The Girl Scouts have 30 new badges that concentrate on science, technology, engineering and math. It is the largest rollout of new goals in nearly a decade.
This month the Girl Scouts presented the latest 36 badges and Journeys in a rollout of 60-plus that began last July.The 106-year-old organization is keeping up with the times, CEO Sylvia Acevedo said. “Across the country, people are having powerful conversations about the increasingly strong voice of young people who want to change the world and the lack of women in leadership positions in the United States — two topics Girl Scouts is uniquely positioned to address.”The new programming includes badges for space science, and the organization says that nearly every woman who has been an astronaut was a Girl Scout.Other areas of programming include environmental stewardship, cybersecurity, robotics and computer programming. With so much high-tech education, one wonders if the Scouts famous cookies might be delivered by drones.Scouting reportIn June, the Cub Scouts (ages 5-10) began admitting girls in separate dens.In February, the Boy Scouts of America (ages 11-17) will begin admitting female scouts in separate troops. The organization is not changing its name, just the scouting program name for older youth will be known as Scouts BSA.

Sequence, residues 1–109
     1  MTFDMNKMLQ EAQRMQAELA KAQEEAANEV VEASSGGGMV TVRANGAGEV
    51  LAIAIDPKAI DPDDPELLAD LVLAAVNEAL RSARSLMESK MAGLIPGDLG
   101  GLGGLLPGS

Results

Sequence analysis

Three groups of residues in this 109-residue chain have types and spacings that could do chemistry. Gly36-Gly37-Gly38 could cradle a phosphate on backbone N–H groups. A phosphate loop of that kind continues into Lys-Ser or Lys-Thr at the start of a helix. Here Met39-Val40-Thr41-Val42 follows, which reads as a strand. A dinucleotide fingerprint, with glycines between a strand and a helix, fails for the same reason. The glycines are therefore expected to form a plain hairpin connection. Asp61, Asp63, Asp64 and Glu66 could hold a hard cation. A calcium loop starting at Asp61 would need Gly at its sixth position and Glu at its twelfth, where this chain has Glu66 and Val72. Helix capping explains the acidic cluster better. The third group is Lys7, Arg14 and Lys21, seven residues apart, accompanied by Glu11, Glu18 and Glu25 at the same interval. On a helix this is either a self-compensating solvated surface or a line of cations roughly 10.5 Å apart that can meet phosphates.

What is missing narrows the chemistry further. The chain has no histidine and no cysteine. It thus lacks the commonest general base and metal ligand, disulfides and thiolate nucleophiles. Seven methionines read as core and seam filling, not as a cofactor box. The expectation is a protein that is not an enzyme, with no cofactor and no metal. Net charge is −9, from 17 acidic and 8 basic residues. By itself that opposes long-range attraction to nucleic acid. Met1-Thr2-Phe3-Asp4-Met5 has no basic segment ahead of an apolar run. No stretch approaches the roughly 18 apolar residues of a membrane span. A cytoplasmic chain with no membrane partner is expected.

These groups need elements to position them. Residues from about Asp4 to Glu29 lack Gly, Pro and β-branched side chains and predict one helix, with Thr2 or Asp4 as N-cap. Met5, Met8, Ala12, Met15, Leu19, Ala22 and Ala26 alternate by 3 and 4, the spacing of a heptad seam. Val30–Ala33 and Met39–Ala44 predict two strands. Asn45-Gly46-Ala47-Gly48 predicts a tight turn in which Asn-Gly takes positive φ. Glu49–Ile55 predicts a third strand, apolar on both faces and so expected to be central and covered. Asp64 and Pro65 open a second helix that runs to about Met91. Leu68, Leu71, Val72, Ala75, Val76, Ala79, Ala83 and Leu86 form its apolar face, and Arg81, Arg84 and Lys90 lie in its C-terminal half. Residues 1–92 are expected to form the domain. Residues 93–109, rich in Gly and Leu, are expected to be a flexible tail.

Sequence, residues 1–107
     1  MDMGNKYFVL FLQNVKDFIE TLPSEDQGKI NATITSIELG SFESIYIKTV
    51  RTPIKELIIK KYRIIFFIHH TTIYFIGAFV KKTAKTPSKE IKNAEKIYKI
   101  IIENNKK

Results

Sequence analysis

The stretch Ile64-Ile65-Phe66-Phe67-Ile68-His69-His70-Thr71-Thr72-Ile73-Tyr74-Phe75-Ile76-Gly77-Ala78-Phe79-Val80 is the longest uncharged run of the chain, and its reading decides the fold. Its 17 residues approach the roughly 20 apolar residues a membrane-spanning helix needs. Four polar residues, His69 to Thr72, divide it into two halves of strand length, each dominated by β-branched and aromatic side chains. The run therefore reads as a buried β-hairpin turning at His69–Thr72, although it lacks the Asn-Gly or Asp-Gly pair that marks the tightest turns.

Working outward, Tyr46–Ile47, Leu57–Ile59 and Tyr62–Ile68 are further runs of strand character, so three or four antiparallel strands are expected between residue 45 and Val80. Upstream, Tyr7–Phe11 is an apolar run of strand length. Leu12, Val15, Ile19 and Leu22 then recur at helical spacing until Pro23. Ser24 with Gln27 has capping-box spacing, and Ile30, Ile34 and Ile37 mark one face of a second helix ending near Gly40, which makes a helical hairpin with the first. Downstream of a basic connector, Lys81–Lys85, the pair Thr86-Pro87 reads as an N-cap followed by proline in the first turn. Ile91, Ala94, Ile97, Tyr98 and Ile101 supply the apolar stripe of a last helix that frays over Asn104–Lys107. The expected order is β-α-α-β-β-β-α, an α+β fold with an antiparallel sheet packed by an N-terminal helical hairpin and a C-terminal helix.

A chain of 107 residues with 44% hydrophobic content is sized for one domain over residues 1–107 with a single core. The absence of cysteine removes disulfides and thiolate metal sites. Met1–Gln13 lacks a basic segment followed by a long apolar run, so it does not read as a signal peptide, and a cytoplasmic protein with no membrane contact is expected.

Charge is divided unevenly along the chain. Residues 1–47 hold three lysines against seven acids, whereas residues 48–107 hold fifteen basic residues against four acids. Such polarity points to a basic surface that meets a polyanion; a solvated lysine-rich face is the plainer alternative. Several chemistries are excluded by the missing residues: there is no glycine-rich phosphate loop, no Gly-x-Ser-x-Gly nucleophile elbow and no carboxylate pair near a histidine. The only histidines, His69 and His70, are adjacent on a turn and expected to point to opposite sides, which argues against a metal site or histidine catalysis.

Here are the new badges:
Scoutings declineThe Boy and Girl Scouts are now in competition for members and faced with a common problem: There are fewer kids in the U.S. than 20 years ago.In 2017, the National Center for Health Statistics said the birth rate in the U.S. was the lowest its ever been. The number of births each year has been on the decline since 2007.Girl Scouts: In 2015 there were 1.88 million Girl Scouts and more than 784,000 volunteers for a total of 2.67 million people. Membership was down 5.3 percent from 2014.Boy Scouts: Membership has been on the decline as well. In 2012 the organization had 2.8 million members and dropped to 2.2 million in 2016.